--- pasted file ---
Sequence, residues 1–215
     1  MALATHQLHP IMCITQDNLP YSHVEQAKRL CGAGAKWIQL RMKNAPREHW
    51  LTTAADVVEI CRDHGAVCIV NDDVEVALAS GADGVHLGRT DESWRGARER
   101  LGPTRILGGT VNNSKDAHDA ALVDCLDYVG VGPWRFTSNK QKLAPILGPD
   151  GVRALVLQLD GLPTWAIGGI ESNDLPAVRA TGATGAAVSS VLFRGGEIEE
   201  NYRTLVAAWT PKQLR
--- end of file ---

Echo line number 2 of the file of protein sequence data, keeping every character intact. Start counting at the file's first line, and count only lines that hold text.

     1  MALATHQLHP IMCITQDNLP YSHVEQAKRL CGAGAKWIQL RMKNAPREHW